Once upon a time, there was a wrecked, derelict petrol station in the UK. And an architecture studio decided to take the upper hand and try to demonstrate something to the British society.
They wanted to prove the potencial of the no longer used public spaces, like petrol stations, to give them a new life as public use places. So they came with the idea of rehabilitating them and building a cinema.
It was called “The Cineroleum”, from ‘cinema’ and ‘oleum’ –clever naming. With the materials they already had, like the forecourt roof, and some donated, cheap elements, built a classic, cinematic, iconographic, re-imagined cinema.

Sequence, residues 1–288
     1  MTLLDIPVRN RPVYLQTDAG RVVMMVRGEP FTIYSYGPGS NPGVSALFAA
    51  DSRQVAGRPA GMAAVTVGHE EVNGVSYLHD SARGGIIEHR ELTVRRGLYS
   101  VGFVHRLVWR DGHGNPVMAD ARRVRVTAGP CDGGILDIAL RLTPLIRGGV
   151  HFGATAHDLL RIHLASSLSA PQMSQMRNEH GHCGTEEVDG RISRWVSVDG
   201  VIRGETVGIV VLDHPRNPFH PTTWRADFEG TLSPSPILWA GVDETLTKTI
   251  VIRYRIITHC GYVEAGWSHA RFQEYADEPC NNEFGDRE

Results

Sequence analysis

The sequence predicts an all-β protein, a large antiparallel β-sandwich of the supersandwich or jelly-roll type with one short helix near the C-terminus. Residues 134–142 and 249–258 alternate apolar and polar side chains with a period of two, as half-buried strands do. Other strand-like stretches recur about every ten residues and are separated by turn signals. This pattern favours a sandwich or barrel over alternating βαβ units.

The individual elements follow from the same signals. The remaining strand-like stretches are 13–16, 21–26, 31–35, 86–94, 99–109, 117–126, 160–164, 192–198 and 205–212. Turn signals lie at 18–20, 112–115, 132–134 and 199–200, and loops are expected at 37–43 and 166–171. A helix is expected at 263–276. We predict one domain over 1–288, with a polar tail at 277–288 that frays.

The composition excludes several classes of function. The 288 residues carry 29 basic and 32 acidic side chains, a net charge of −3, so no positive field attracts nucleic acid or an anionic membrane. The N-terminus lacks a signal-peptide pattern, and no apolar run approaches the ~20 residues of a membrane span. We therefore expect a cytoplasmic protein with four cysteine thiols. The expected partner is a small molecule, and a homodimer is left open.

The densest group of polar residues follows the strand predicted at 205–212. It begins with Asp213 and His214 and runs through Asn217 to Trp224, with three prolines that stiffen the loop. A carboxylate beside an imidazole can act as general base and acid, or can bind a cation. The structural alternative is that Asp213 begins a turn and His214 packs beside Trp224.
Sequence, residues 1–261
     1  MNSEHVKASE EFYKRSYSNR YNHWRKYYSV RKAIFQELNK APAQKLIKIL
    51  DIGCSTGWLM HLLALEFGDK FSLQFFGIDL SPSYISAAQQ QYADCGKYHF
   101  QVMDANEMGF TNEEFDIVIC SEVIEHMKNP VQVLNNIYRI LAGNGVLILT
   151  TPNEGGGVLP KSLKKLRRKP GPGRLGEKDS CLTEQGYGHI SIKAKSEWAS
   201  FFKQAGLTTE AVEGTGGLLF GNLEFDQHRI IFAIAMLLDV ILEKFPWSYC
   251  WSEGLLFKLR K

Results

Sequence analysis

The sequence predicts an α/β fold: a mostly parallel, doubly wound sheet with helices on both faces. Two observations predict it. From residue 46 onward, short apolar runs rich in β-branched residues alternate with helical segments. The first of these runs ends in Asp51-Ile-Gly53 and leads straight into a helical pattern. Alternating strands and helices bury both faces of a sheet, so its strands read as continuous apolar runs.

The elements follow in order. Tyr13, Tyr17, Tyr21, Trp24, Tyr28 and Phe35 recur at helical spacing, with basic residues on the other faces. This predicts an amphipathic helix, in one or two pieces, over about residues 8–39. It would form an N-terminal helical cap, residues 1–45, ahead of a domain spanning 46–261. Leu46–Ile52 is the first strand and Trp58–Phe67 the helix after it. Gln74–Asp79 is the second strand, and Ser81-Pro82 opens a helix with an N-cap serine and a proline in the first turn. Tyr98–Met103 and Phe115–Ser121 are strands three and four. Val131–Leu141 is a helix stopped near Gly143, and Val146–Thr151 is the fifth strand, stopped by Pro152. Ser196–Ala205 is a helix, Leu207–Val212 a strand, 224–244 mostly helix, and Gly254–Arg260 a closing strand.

The curtain, made from roofing material hang from the ceiling and enclosed the building. The seats were flip-ups, made with the remainings of old scaffolding boards and cinema seats. And the exterior signage was a classic, neon light with the name of the building. In the inside of the petro station, they developed a meeting place, with a windowed area and the ticket offices.
The materials gave the construction a handmade look, but a highly designed finish. The construction was made by a hundred volunteer collective, and a mechanism of trial and error.
And, in the end, the people had a new way to watch and enjoy cinema. The old building became a social experience. It was a private experience in the most public place: the streets of London.
From VXLAB we think that is a great initiative. That adapting old buildings to fulfill new purposes and give the public new places to be is one of the beauties of architecture and design. Shout-out to Assemble Studio!